Monday, October 9, 2023

Debar Pond Lodge and the forest preserve

Debar Pond Lodge

In our deep-dive on Adirondack Park unit management plans (UMPs), we learned from the Adirondack Park Agency that Debar Mountain Wild Forest may soon be on the docket for another examination. In 2020, the agency and state Department of Environmental Conservation released a draft UMP that called for tearing down Debar Pond Lodge, a 1940s-era Great Camp in the town of Duane. It is an illegal structure on forest preserve lands.

But groups, particularly Adirondack Architectural Heritage, called for the building’s preservation. That would require a constitutional amendment, and though such a one has been introduced twice, it has not passed the state Legislature. Adirondack Architectural Heritage is hoping its third attempt will be successful this upcoming legislative session. Should it pass both houses, the earliest the amendment could be on a statewide ballot would be November 2025.

Adirondack Architectural Heritage and a nonprofit formed to save the lodge called Debar Pond Institute, released a survey of 239 visitors about the future of the building. Nearly all, 97% of voters, felt the building enhanced their visit and should be preserved. Nearly all, 98% of voters, said they would support a constitutional amendment.

It’s unclear when the APA and DEC will release the latest Debar UMP draft, but it was on a list of plans the APA is “actively” working on, according to the agency’s spokesperson. It will be interesting to see how it coincides with the progress of a proposed constitutional amendment. We will keep following it.

Adirondack Park Agency

The APA released a draft agenda for its monthly meeting on October 12. We will be learning more about a slate of new land classifications. In case you missed it, we had a preview of those lands and their proposed zoning classification in this story here:

View all APA public comment and hearing opportunities at: New public comment opportunities include:

  • Applicant Michelle Brown is proposing to expand the Warrensburg Travel Park and Riverfront Campground on Schroon River Road in the town of Warrensburg.  The plan includes adding 51 campsites to the 174-site campground. Comments are due by Oct. 19. To see site plans and to submit comments, go to
  • Applicant William Lyons is proposing to reconfigure and subdivide four existing tax parcels that contain existing development to create four new lots to be redeveloped on Chelby Lane in the town of Northampton. Comments are due by Oct. 19. To see the site plans, read the full project description and submit comments, go to

Debar Lodge photo by Lorraine Duvall/Almanack archive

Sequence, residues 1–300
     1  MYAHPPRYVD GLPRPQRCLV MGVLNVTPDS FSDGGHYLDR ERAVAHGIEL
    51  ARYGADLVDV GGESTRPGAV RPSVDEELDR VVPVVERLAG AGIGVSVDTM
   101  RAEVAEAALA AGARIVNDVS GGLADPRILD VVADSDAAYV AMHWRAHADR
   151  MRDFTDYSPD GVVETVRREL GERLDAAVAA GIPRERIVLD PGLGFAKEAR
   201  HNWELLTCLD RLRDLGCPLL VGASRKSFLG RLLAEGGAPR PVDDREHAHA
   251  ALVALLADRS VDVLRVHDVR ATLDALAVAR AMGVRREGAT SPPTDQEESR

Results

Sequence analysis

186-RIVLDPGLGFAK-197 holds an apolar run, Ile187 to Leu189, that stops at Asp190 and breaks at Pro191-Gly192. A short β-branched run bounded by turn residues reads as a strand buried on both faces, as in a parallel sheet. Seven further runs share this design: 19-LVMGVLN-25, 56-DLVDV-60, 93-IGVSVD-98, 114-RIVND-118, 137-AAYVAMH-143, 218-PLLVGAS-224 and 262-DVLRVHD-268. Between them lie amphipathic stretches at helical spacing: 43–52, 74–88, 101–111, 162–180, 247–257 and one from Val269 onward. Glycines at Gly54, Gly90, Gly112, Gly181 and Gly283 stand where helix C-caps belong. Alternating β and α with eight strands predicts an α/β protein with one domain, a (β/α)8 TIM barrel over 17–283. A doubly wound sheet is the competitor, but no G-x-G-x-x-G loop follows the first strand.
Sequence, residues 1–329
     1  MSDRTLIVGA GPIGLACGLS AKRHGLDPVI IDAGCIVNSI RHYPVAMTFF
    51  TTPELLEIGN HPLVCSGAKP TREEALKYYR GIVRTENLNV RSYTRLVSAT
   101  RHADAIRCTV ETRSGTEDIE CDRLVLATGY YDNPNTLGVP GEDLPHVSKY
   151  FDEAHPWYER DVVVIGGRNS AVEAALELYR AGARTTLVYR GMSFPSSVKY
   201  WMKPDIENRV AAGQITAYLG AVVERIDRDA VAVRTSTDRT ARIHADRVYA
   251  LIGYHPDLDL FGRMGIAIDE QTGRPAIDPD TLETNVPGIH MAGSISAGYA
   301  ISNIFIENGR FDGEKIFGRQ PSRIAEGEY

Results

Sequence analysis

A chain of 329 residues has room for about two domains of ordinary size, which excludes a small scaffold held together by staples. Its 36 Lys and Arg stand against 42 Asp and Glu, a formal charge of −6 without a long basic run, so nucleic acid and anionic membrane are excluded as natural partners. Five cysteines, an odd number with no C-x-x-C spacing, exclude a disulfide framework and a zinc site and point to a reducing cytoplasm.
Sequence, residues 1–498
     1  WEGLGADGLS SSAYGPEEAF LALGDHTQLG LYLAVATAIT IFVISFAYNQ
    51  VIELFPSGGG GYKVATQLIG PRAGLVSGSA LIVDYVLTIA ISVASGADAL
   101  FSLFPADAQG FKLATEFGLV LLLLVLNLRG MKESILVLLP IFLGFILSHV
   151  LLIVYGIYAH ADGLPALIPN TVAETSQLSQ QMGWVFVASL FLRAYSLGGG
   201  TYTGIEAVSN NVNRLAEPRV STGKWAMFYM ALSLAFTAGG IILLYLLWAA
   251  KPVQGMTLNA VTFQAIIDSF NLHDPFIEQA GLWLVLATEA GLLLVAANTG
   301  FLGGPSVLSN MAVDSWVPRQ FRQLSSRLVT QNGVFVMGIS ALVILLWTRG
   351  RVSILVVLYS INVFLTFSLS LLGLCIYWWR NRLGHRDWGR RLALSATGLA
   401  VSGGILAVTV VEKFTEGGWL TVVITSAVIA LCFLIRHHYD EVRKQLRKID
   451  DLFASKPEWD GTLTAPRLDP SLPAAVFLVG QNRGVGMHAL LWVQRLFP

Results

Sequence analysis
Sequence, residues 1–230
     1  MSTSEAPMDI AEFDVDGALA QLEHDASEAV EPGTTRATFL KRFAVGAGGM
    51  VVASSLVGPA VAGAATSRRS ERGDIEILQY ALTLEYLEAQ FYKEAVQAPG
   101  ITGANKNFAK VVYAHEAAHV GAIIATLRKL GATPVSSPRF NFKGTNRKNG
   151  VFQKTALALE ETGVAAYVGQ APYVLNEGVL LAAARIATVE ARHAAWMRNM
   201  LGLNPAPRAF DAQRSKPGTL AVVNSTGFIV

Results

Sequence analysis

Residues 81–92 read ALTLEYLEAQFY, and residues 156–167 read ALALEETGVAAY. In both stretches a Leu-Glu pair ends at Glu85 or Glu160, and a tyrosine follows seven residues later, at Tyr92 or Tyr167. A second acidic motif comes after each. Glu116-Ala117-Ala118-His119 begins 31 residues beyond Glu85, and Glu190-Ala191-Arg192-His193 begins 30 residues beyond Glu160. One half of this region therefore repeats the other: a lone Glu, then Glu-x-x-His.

This first appeared in Gwen’s weekly “Adirondack Report” newsletter. Click here to sign up.

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Gwen is the environmental policy reporter for Adirondack Explorer.

6 Responses

  1. Zachary Denton says:

    I think the smart thing to do would be to preserve the lodge, and potentially turn it into another economic engine for the adirondacks. It’s great history and architecture would be a shame to remiss. I would advocate the sale of the lodge with minimal acreage. This would allow operation of the lodge by a private group to support North country economics, and then also still allow the preservation of the surrounding wilderness.

  2. Lorraine Duvall says:

    The lodge photo attributed to me was from a 2020 Almanack post where I opposed the DEC proposal for “an extensive day-use area at the site of the lodge including “two pavilions, picnic tables, grills, fireplace, parking…” I advocated for Debar Pond, to keep it motorless. Now I am advocating the Pond and its shores remain opening accessible to all, and oppose the AARCH Constitutional Amendment which limits access.

  3. Bill Ott says:

    Find Debar Pond on Google Earth and click on street view to see Lance Harbart’s excellent photo of the lodge. I am all for forever wild. My favorite memories are of visiting places with no human evidence (including fire rings, etc.), and leaving none of my own. But this lodge seems special. Never having visited it and with no prospect of doing so, Harbart’s photo makes it seem wrong to me to tear this place down. Perhaps there are other photos (of the inside?) which say otherwise. I am an outsider. I want to read some more insider text.

    Bill Ott
    Lakewood, OH

  4. Ray james Murray says:

    Tear the lodge down and return it to its natural setting. This is not a historical building.We do not need a conference center here nor a parking lot or campsites or a gazebo.

  5. Boreas says:

    If the building is to be saved, I would like to see the immediate property used as an exclusive lodge/retreat for veterans with PTSD or other significant wounds, with some wheelchair-accessible infrastructure to much of the property. It could also be staffed with counselors and room for any caregivers.

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